Don’t let the shi shi galleries, bone broth bistros and man-cessory shops fool you. The country’s most violent criminals have lived and plied their trade in the East Village and Lower East Side for more than two centuries.
Of course, a man needs a place to relax after all that mayhem. Here is a current look at some of the most notorious gangsters haunts in the neighborhood, listed chronologically.
Click through the slideshow to see what our favorites look like today, then leave your own in the comments.
Chinese Theater, 5-7 Doyers Street
Beginning in 1893, the Chinese Theater presented operas and plays on winding Doyers Street in Chinatown. It was a time when the tongs, originally community associations, expanded into criminal activities like protection rackets, gambling and prostitution. On August 7, 1905 two rival tongs, the On Leongs and the Hip Sings, waged a wild gun battle inside the theater that left four people dead.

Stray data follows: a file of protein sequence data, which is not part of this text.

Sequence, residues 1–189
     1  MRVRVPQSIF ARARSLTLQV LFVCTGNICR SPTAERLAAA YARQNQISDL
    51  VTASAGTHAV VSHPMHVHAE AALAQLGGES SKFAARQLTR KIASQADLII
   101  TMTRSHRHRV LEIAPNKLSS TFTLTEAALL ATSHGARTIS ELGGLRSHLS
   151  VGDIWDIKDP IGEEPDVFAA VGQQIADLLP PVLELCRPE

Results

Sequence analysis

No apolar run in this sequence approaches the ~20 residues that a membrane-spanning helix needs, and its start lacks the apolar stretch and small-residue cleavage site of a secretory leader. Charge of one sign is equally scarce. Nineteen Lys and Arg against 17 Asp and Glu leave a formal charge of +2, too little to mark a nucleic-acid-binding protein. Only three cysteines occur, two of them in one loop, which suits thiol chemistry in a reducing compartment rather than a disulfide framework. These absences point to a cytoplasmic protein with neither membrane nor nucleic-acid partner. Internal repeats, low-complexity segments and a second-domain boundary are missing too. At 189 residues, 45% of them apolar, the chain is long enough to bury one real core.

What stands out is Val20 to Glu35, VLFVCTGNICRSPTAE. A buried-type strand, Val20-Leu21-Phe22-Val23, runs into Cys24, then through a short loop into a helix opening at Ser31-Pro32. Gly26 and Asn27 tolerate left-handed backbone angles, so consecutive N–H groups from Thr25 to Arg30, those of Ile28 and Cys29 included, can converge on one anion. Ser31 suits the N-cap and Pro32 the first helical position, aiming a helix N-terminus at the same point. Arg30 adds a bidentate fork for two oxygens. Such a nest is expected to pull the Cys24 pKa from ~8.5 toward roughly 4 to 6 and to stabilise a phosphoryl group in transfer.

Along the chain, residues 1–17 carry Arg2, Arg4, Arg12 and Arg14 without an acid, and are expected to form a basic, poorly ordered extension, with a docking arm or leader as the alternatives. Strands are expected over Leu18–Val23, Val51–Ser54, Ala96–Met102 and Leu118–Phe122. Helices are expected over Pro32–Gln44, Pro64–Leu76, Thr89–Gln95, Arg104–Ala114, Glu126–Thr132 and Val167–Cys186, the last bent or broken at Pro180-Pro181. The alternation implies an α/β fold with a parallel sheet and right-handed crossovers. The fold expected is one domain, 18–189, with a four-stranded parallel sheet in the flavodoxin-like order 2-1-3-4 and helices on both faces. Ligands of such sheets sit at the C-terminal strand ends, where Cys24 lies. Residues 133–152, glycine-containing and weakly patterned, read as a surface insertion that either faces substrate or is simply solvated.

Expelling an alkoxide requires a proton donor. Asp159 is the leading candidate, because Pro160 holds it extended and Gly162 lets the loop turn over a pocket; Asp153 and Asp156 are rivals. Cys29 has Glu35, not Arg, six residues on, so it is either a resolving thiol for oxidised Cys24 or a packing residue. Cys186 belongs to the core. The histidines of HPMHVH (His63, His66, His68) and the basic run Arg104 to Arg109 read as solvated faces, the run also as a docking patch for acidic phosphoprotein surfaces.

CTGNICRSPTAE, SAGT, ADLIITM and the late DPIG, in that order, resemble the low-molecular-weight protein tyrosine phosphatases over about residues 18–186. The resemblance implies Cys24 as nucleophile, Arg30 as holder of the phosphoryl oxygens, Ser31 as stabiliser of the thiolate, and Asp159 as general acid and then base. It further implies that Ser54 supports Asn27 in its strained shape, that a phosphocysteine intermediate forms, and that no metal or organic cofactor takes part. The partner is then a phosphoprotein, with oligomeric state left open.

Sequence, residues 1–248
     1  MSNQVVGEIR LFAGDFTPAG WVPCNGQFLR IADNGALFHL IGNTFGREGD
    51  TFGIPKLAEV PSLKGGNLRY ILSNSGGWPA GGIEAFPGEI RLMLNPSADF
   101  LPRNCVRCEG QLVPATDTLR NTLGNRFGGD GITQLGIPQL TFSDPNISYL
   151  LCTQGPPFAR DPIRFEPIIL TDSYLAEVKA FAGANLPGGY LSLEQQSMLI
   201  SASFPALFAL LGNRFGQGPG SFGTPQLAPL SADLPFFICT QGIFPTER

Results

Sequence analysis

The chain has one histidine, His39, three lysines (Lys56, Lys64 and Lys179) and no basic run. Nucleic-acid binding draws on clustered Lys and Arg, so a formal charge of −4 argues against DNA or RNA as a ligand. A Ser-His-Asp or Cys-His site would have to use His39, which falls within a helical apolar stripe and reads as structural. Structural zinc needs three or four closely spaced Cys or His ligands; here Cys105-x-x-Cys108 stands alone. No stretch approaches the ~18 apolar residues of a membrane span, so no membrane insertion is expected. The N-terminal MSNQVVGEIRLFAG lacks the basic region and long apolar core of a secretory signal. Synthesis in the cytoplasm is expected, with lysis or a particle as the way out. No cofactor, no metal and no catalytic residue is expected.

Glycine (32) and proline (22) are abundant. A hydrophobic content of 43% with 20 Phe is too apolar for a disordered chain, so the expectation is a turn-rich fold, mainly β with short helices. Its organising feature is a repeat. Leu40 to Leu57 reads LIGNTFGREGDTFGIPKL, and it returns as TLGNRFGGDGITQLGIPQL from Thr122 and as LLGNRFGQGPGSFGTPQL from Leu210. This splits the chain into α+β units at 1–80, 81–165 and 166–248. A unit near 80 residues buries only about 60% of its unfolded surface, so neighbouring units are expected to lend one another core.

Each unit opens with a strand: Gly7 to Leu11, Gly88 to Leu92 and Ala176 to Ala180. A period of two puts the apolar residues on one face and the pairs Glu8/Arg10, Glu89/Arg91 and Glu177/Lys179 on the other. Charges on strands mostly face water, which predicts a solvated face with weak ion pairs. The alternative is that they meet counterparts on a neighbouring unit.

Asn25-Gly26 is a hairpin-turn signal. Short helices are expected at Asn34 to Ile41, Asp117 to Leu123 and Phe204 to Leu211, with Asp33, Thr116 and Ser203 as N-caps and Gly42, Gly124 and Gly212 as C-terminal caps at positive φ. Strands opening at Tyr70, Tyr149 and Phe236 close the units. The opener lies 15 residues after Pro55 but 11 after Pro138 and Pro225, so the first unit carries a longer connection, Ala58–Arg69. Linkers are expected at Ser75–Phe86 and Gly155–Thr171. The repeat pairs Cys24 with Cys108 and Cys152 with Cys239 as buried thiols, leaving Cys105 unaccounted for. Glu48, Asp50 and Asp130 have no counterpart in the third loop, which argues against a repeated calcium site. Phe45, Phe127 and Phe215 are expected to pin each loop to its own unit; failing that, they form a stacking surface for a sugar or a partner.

Taxi Dances and Vaudeville: Excavating Manhattan’s Lost Places of Leisure notes that the theater, which had become a popular tourist stop, suddenly earned the reputation as an unsafe place to visit. Ticket sales declined and the theater closed by the early 1910s. Today a mix of businesses, including a liquor store, share the buildings.